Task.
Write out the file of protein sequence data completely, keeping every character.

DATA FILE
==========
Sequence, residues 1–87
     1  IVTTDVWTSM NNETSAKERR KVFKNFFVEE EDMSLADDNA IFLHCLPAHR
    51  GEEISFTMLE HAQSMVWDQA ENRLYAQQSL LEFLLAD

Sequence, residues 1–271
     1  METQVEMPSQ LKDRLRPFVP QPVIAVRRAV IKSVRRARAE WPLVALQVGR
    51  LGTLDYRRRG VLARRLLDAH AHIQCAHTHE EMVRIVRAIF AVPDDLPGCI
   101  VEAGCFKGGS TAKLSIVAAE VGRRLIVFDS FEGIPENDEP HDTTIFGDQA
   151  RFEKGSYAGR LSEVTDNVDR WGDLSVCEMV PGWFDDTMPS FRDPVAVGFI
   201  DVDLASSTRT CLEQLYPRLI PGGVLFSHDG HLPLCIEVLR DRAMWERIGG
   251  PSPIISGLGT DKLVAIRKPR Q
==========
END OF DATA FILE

Sequence, residues 1–87
     1  IVTTDVWTSM NNETSAKERR KVFKNFFVEE EDMSLADDNA IFLHCLPAHR
    51  GEEISFTMLE HAQSMVWDQA ENRLYAQQSL LEFLLAD

Sequence, residues 1–271
     1  METQVEMPSQ LKDRLRPFVP QPVIAVRRAV IKSVRRARAE WPLVALQVGR
    51  LGTLDYRRRG VLARRLLDAH AHIQCAHTHE EMVRIVRAIF AVPDDLPGCI
   101  VEAGCFKGGS TAKLSIVAAE VGRRLIVFDS FEGIPENDEP HDTTIFGDQA
   151  RFEKGSYAGR LSEVTDNVDR WGDLSVCEMV PGWFDDTMPS FRDPVAVGFI
   201  DVDLASSTRT CLEQLYPRLI PGGVLFSHDG HLPLCIEVLR DRAMWERIGG
   251  PSPIISGLGT DKLVAIRKPR Q